Allow me to demonstrate my uncoolness not only by referencing a Christian rock song, but by referencing one that’s from 1997. First, if you don’t know the Audio Adrenaline (who have appeared on this blog before) song ‘Some Kind of Zombie,’ you should rectify that now:
Alternatively, you can listen to the song and its accompanying album on Spotify.
Outside of actually being a pretty good song (one sighs that Audio Adrenaline isn’t producing any more music, given how terrible so much Christian pop/rock is), I’m thinking of it particularly because of these lines:
Here they come.
They’re all upon me.
But I’m dead to sin like
some kind of zombie.
I hear you speak and I obey.
I walked away from the grave.
I will never be afraid.
I gave my life away.
I’m obliged and obey.
I’m enslaved to what you say.
This song gives us a fairly radical vision of what it means to be a follower of our Lord and Saviour Jesus Christ. We are slaves of God who are obliged to obey Him and are dead to sin. It’s not actually a very popular image these days. We prefer being the friends of God, the buddies of God, the children of God, the brothers and sisters of Christ — sometimes even the Bride of Christ.
But his slaves? No thanks.
However, this image of being a slave of Christ is not an invention of Audio Adrenaline’s:
Do you not know that to whom you present yourselves slaves to obey, you are that one’s slaves whom you obey, whether of sin leading to death, or of obedience leading to righteousness? But God be thanked that though you were slaves of sin, yet you obeyed from the heart that form of doctrine to which you were delivered. And having been set free from sin, you became slaves of righteousness. (Ro 6:15-18)
St. John Chrysostom (Goldenmouth) says of Romans 6:18:
There are two gifts of God which he here points out. The “freeing from sin,” and also the “making them servants to righteousness,” which is better than any freedom. For God hath done the same as if a person were to take an orphan, who had been carried away by savages into their own country, and were not only to free him from captivity, but were to set a kind father over him, and bring him to very great dignity. And this has been done in our case. For it was not our old evils alone that He freed us from, since He even led us to the life of angels, and paved the way for us to the best conversation, handing us over to the safe keeping of righteousness, and killing our former evils, and deadening the old man, and leading us to an immortal life. (Homilies on Romans XI)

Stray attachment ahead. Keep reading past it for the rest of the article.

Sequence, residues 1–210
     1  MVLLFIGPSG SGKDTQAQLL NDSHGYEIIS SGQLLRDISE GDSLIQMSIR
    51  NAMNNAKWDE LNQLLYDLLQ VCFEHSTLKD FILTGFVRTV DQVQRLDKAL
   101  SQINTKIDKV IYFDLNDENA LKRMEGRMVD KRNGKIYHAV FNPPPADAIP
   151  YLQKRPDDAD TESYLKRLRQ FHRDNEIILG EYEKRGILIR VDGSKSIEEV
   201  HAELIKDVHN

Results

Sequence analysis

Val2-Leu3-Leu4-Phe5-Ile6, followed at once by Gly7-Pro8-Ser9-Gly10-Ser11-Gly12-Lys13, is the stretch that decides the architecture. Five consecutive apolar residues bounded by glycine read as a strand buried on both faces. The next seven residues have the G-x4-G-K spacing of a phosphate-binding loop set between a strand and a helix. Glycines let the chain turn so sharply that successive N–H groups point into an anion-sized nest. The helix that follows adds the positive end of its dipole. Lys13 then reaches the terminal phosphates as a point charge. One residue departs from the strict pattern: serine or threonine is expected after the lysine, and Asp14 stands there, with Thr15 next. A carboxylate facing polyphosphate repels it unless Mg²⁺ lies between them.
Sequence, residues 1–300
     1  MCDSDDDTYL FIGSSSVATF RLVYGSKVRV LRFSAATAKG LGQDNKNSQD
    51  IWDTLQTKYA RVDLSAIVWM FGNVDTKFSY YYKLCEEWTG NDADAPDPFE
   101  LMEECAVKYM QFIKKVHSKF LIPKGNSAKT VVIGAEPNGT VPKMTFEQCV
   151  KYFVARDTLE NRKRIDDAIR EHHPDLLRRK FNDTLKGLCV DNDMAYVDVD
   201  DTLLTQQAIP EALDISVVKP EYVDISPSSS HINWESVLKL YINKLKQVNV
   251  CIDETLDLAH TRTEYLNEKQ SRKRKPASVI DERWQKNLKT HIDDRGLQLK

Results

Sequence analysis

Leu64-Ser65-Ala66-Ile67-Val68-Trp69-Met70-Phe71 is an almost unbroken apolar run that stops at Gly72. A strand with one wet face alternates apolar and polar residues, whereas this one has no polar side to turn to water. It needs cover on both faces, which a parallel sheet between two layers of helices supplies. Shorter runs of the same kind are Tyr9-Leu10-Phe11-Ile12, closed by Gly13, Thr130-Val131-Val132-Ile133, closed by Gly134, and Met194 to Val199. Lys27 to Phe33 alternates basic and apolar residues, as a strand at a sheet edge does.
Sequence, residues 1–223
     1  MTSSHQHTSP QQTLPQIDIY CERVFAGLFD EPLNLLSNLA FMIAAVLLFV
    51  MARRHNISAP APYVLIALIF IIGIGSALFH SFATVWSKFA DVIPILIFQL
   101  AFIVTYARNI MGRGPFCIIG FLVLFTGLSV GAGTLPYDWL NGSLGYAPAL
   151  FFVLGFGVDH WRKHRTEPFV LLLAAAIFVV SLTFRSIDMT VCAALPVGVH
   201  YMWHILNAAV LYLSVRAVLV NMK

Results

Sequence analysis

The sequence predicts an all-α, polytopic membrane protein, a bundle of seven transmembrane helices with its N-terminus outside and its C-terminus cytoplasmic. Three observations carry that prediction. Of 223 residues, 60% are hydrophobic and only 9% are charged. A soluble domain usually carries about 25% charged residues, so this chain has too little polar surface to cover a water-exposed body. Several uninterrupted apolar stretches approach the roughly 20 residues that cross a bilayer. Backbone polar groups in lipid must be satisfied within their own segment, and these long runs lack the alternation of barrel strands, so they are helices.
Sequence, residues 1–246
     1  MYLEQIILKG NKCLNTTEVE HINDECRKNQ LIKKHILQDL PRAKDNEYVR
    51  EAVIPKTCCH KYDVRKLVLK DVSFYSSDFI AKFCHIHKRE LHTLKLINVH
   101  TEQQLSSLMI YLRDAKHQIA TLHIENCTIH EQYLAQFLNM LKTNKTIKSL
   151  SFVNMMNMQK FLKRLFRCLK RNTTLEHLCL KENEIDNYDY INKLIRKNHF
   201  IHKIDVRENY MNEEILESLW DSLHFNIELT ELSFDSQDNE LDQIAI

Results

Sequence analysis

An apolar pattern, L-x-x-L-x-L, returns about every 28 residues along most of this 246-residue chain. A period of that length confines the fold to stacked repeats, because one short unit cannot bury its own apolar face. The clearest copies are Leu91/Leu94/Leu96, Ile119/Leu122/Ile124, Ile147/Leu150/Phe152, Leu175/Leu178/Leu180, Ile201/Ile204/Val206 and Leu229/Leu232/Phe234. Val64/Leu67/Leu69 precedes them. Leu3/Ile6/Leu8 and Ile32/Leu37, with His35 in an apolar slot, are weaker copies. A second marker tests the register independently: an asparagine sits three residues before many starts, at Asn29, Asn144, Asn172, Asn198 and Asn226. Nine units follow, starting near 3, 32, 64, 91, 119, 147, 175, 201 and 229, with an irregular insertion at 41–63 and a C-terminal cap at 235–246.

The point is that we are made more than sin-free — we are made holy by the action of Christ. Righteousness isn’t simply not doing wrong; it has the positive content of living life as it was meant to be lived, life as God teaches us through Scripture and the lives of the saints. The salvation he offers to us gives us the power to live this righteous life.
Being the slave of God, of Christ, of righteousness is, thus, a good thing. We are dead to sin, which brings death to us, and alive to Christ, who brings life to us. This is part of the ontological change St. Maximus talks about (as discussed here). Let’s try, then, to live holy lives.